Is There Still Sex in the City? Not So Much, Apparently
That you-gotta-laugh-or-you-cry place is where Candace Bushnell, with her usual sparkling candor, begins “Is There Still Sex in the City?
Sometimes it can be fun to wonder what became of our fictional heroines. Did Elizabeth Bennet move into Pemberley and discover that her prejudice and her pride were well founded when Mr. Darcy turned out to be a stuffed shirt with anger-management issues? And what of Carrie Bradshaw? After she bagged her Mr. Big, did she list her $40,000 shoe collection on eBay, move to the suburbs, have a bunch of kids and grow old gracefully? Or did Carrie find herself in her 50s child-free, single again and wondering how to get back in the game, only to have her gynecologist recommend a Mona Lisa laser treatment because “your vagina is not flexible enough”?
Ugh. Such are the humiliations awaiting the female in middle age. That you-gotta-laugh-or-you-cry place is where Candace Bushnell, with her usual sparkling candor, begins “Is There Still Sex in the City?”
More than 20 years ago, Bushnell created a cultural phenomenon when she described Manhattan mating rituals in a weekly newspaper column. It was as if Truman Capote and Margaret Mead had made a beautiful blond baby who combined anthropology with higher gossip. Part reportage, part memoir, those columns begat a book, “Sex and the City,” which begat a TV series of the same name. By focusing on the friendship of four 30-somethings, it lent warmth and humanity to a world that could be chilling in its loveless calculation. “Sex and the City” actually posed a serious sociological question: What happens when women have sex like men? Except we were too busy laughing at Bushnell’s artful acronyms to notice.
Fans of “Sex and the City” and Bushnell’s subsequent books may be baffled by this one. The title suggests a sequel, but there are no updated adventures of Carrie and the gang (pity; who wouldn’t love to see what a little testosterone gel might do to a menopausal Samantha’s libido?). She introduces another group of gal pals: Sassy, Kitty, Queenie, Tilda Tia and Marilyn. They all move to the Village (clearly the Hamptons), where they find themselves in Sniper’s Alley — that scary time of life when people you love start getting sick and dying. Bushnell, whose mother has recently died, claims her mom’s breast cancer was caused by hormone replacement pills, “a standard prescription for women going through menopause.” That is almost her sole reference to the topic. A book about women in their 50s that doesn’t discuss menopause is like Carrie Bradshaw on a bar stool without a Cosmopolitan.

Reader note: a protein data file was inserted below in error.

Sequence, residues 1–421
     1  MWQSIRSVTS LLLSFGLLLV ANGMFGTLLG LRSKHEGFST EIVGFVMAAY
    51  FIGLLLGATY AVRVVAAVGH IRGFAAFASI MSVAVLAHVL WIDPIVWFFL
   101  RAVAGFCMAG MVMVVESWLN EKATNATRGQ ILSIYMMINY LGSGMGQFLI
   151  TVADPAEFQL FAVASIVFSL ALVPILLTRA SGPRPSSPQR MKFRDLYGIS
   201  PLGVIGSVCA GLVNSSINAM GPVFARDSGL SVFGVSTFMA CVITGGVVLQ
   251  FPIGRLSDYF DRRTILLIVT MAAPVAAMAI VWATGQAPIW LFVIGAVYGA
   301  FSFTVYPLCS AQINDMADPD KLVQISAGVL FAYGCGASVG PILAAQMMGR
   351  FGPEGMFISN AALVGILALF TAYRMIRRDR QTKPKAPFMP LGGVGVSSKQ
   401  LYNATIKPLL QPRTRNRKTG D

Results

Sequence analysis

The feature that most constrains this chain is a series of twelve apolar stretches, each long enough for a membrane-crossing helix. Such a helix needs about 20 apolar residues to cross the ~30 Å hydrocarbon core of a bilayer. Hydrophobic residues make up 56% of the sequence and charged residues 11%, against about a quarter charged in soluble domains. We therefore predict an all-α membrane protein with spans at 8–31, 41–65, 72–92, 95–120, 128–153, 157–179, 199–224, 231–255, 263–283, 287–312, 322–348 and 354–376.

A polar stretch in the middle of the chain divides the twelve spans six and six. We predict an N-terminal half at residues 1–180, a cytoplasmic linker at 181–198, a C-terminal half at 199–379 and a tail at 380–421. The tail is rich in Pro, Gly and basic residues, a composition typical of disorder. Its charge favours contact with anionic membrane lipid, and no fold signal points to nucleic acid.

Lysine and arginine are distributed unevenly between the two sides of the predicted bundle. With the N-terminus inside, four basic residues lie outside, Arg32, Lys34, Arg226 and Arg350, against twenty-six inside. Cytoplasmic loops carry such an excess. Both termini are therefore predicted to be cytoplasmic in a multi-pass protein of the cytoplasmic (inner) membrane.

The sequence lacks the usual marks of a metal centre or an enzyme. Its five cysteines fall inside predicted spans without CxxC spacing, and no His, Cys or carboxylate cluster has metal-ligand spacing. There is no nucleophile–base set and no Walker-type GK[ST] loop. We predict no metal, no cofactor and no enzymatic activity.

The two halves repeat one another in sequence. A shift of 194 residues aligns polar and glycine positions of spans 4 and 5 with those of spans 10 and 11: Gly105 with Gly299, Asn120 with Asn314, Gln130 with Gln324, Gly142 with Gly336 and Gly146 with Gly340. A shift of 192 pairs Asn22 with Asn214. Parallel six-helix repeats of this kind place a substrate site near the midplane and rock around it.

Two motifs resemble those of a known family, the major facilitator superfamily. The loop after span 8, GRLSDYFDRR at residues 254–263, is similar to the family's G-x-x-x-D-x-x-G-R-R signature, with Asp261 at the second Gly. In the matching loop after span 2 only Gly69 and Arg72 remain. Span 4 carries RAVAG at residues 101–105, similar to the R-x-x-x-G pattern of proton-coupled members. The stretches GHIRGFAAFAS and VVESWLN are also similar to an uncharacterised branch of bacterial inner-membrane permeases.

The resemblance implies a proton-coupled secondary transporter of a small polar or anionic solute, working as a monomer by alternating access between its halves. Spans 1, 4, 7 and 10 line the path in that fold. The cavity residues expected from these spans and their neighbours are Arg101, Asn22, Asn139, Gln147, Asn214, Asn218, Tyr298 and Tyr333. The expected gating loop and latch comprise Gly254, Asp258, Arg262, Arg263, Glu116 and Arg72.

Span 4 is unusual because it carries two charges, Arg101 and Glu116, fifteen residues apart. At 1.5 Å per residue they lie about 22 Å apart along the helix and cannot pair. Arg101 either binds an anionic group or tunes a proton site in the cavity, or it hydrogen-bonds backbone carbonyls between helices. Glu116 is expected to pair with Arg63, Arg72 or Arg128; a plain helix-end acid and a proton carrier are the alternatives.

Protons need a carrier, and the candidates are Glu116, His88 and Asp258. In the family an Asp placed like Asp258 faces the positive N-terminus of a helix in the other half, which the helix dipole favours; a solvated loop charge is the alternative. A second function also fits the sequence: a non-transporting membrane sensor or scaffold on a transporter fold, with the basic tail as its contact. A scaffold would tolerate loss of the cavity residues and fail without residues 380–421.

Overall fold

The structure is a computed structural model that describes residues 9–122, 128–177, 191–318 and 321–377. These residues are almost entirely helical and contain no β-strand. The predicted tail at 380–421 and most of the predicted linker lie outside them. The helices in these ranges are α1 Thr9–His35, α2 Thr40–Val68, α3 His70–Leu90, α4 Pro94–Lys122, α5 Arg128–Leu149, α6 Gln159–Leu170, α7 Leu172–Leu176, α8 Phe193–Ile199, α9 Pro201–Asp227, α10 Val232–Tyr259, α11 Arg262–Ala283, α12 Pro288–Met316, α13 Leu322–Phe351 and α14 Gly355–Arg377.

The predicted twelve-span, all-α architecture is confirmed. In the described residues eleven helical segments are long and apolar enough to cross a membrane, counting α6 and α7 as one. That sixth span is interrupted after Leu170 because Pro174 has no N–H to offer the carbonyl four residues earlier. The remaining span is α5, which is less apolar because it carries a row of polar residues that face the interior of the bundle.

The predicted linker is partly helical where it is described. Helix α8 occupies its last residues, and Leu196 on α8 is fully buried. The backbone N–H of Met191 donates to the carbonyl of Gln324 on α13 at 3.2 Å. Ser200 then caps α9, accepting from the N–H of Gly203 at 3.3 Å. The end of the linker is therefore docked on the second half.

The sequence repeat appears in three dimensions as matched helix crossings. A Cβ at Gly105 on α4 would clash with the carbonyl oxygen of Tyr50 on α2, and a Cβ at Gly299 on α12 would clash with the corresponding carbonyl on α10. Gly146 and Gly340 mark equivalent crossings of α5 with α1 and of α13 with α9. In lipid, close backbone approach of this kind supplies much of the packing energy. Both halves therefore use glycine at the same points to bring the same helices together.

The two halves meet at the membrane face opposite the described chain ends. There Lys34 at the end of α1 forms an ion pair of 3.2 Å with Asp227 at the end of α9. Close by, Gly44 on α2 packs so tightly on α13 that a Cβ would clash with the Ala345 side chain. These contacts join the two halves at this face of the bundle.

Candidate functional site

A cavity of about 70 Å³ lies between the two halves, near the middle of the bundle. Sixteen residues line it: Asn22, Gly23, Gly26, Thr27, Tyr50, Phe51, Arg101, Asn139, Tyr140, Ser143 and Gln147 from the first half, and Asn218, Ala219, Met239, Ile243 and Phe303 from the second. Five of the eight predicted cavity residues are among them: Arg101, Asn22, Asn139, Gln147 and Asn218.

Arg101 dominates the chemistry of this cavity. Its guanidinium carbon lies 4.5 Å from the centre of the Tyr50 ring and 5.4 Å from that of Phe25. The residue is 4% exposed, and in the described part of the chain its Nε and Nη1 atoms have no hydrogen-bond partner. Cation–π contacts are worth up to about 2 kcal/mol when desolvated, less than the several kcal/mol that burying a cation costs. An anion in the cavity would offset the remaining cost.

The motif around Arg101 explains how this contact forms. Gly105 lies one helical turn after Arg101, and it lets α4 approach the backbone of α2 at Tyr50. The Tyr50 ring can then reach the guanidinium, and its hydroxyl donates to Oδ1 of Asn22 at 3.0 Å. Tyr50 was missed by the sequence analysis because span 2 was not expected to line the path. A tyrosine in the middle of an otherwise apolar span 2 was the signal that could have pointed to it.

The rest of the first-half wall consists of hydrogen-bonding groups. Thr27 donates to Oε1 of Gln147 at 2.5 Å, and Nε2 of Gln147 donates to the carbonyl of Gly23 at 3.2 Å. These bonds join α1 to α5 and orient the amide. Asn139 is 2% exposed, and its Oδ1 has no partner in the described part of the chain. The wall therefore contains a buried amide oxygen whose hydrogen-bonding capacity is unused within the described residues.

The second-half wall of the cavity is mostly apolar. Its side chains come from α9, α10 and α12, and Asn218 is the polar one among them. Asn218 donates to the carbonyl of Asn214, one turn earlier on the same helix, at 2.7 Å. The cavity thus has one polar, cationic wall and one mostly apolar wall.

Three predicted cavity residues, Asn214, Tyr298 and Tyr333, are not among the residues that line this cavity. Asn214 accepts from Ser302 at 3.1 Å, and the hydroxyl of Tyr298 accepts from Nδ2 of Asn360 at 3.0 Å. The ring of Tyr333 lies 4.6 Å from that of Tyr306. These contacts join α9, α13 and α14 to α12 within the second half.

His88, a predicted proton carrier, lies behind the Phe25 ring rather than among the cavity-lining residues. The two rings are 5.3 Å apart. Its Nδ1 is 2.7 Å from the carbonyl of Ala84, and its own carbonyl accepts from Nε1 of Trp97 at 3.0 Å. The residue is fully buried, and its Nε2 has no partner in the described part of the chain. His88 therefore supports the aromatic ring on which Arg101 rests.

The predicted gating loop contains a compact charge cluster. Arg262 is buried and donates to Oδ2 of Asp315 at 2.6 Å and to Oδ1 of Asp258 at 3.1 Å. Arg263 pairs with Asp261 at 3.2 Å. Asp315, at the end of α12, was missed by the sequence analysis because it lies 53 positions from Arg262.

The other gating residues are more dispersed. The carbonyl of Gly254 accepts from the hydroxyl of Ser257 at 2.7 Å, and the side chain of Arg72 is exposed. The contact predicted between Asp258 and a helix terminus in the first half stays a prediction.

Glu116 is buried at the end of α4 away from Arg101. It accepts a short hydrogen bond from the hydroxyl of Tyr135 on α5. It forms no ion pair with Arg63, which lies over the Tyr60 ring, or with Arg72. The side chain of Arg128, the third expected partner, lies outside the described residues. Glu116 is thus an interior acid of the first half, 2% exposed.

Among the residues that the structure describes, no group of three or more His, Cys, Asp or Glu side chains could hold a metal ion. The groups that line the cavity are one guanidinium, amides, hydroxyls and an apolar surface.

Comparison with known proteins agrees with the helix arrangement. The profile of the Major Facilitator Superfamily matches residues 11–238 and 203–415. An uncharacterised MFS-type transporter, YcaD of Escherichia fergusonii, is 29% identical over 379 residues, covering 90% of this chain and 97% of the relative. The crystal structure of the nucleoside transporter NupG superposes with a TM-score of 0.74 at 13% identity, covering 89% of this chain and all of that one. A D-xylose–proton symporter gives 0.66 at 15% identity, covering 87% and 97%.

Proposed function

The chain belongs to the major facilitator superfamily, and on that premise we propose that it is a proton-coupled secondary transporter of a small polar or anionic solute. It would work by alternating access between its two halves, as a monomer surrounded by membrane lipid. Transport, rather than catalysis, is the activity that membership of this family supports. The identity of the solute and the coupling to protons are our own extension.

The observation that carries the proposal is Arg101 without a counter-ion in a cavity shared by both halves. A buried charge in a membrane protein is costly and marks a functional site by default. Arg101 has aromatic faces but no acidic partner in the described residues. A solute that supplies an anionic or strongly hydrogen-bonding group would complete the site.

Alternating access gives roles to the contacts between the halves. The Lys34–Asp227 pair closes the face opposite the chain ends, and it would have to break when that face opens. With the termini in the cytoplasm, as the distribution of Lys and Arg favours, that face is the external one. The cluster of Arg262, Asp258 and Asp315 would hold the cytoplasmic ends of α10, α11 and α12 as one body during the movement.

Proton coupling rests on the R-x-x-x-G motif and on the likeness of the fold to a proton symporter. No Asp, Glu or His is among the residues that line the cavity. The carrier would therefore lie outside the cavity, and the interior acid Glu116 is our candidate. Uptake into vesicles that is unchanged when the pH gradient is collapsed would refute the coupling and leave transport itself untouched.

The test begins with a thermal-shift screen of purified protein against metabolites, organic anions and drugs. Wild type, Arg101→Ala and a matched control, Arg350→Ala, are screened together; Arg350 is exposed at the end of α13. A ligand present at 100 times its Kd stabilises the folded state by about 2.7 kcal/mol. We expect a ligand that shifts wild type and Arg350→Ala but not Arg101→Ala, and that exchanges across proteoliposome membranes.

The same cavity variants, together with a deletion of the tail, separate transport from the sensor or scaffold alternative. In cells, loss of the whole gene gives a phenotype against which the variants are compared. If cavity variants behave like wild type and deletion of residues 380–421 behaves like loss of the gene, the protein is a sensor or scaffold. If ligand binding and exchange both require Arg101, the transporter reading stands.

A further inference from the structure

After her divorce, Bushnell runs smack into the last taboo — ageism. Helpfully providing the perfect metaphor, the bank tells her their algorithm won’t let them give a mortgage to a self-employed single woman over 50. “Because I had no applicable boxes, I was no longer a demographic. Which meant, in the world of algorithms, I didn’t exist.” The “middle-aged drumbeat of terror,” the fear of invisibility and that “it’s all downhill from here” are poignantly observed. This is a very different voice from that in “Sex and the City,” both chaste (Bushnell claims she hasn’t had sex for several years) and chastened.
Our narrator recovers her witty high spirits when she returns to Manhattan after the editor Tina Brown calls her with a story idea, suggesting “that I throw myself back into the dating world and write about what it was like dating over 50.” Bushnell, resistant at first, finally dives in. She is appalled by Tinder, but even more appalled when she gets hooked: “It was like being in Vegas.” Although Carrie’s gang suffered from chronic romantic detachment, at least they still met men in real life. “Dating 30 years ago was actually fun,” Bushnell explains to one poor girl who admits that, if a guy from Tinder takes her to the A.T.M., she regards it as an “outing.”
It’s not easy to recreate the magic formula of an epoch-defining best seller. Bushnell gives it her best shot, sprinkling her trademark acronyms and nicknames like comedy confetti. There are “SAPs” (senior age players), one of whom might become “M.N.B” (my new boyfriend), and “Super Middles” (people dedicated to the exhausting business of looking younger than they did when they were young). She is funny on “cubbing” (dating men in their 20s and trying to master their horrible slang) and on “MAM” (middle-aged madness, which Bushnell claims is the female version of the male midlife crisis). Any woman in that age bracket, however, will recognize the thunderous mood-swings as symptoms of that state the author is so weirdly reluctant to mention.
The middle of the book is bulked out with a chapter in which Candace is hustled into spending $4,000 on skin care products at an Upper East Side salon (a story that hardly lends credibility to her pleading financial worries). In another, an ex-boyfriend brings his young son to stay and she wonders whether she missed out by not being a mother. Both feel like magazine features and add to a generally unsatisfactory, meandering feel.
At the end, there is tragedy for one of the women in the Village group. But we have hardly learned their names, let alone their characters, so the emotional impact is dulled. Bushnell, who is better at hilarious than heartfelt, has found happiness with M.N.B. As for the answer to the book’s title, there isn’t a whole lot of sex in the city, but there is companionship, which would have appalled Carrie Bradshaw — but what did she and her shoe collection know? At 60, older, wiser and more fearful, Bushnell says, “While nice didn’t matter so much in one’s 20s and 30s, now it is about the best quality a person can have. Nice is safety from the storm in a world that, as it turns out, is not so very nice after all.”